Ethylene Signaling Modulates Herbivore-Induced Defense Responses in the Model Legume Medicago truncatula

Jamuna Risal Paudel, Jacqueline C Bede
Molecular Plant-microbe Interactions: MPMI 2015, 28 (5): 569-79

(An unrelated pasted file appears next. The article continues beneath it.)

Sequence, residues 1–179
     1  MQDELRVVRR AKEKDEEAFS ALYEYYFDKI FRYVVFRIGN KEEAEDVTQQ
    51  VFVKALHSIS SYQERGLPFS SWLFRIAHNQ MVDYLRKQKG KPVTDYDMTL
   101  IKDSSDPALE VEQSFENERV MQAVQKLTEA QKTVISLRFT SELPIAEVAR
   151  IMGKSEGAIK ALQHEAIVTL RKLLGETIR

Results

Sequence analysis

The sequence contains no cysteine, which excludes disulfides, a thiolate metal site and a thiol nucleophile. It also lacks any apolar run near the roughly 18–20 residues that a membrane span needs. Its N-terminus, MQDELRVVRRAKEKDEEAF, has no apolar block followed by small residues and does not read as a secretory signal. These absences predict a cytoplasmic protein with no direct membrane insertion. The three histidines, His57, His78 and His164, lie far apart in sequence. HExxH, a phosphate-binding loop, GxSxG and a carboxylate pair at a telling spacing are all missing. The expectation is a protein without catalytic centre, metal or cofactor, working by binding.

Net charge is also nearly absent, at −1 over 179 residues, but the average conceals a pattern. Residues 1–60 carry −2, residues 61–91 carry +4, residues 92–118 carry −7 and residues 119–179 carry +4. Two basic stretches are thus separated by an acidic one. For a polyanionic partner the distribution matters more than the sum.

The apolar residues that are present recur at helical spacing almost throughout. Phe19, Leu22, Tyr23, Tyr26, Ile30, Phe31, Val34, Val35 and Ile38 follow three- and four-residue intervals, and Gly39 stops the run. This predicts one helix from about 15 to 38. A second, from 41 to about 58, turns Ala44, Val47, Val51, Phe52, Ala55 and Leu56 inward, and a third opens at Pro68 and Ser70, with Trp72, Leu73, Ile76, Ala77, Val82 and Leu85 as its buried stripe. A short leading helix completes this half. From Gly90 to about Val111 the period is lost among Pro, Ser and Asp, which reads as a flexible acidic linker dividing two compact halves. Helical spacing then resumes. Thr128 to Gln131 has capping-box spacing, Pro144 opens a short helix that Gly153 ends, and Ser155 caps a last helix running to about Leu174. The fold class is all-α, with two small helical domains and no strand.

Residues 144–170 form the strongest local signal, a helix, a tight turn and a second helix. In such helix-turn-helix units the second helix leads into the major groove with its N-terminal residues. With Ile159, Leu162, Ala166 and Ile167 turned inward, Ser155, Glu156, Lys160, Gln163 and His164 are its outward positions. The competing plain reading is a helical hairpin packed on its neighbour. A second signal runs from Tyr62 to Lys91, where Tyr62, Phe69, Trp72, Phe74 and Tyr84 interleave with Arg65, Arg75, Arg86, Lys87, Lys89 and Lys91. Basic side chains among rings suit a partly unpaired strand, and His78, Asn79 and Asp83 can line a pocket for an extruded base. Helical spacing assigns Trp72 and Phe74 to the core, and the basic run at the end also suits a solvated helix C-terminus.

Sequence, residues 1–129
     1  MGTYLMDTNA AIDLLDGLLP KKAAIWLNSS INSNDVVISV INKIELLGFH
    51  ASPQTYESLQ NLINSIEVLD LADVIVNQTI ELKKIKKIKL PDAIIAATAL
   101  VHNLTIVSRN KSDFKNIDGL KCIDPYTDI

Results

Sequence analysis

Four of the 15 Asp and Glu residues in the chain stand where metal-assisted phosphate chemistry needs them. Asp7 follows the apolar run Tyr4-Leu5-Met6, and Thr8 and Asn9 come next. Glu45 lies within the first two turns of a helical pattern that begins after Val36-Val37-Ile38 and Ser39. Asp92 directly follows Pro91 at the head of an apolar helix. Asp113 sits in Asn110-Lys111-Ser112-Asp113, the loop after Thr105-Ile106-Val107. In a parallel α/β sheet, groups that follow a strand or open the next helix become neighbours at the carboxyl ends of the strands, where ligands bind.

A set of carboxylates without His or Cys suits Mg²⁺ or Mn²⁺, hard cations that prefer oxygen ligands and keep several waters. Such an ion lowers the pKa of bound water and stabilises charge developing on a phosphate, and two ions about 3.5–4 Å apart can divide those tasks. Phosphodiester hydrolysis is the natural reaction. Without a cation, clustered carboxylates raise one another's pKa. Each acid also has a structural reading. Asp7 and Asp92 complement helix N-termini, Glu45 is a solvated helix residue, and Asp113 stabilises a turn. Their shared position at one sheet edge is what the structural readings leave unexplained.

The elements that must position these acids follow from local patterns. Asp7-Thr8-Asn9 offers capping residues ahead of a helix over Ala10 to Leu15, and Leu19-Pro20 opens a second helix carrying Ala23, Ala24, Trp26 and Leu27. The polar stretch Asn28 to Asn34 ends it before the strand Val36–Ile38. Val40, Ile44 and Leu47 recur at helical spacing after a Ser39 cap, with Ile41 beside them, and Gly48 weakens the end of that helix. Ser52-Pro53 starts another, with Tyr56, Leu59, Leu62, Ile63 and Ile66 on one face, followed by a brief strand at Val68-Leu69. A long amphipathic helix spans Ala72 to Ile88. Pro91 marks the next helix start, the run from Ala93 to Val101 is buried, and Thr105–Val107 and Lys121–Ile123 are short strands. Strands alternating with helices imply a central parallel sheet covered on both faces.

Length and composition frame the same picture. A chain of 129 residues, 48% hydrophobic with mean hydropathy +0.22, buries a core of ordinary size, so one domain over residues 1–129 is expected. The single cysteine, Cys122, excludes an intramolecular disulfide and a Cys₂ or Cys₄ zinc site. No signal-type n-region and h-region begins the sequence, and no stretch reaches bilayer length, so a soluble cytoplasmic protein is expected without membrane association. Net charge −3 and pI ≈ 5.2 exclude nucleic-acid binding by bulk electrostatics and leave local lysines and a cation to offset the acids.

One or more effectors in the labial saliva (LS) of generalist Noctuid caterpillars activate plant signaling pathways to modulate jasmonate (JA)-dependent defense responses; however, the exact mechanisms involved have yet to be elucidated. A potential candidate in this phytohormone interplay is the ethylene (ET) signaling pathway. We compared the biochemical and molecular responses of the model legume Medicago truncatula and the ET-insensitive skl mutant to herbivory by fourth instar Spodoptera exigua (Hübner) caterpillars with intact or impaired LS secretions. Cellular oxidative stress increases rapidly after herbivory, as evidenced by changes in oxidized-to-reduced ascorbate (ASC) and glutathione (GSH) ratios. The caterpillar-specific increase in GSH ratios and the LS-specific increase in ASC ratios are alleviated in the skl mutant, indicating that ET signaling is required. Ten hours postherbivory, markers of the JA and JA/ET pathways are differentially expressed; MtVSP is induced and MtHEL is repressed in a caterpillar LS- and ET-independent manner. In contrast, expression of the classic marker of the systemic acquired resistance pathway, MtPR1, is caterpillar LS-dependent and requires ET signaling. Caterpillar LS further suppresses the induction of JA-related trypsin inhibitor activity in an ET-dependent manner. Findings suggest that ET is involved in the caterpillar LS-dependent, salicylic acid/NPR1-mediated attenuation of JA-dependent induced responses.


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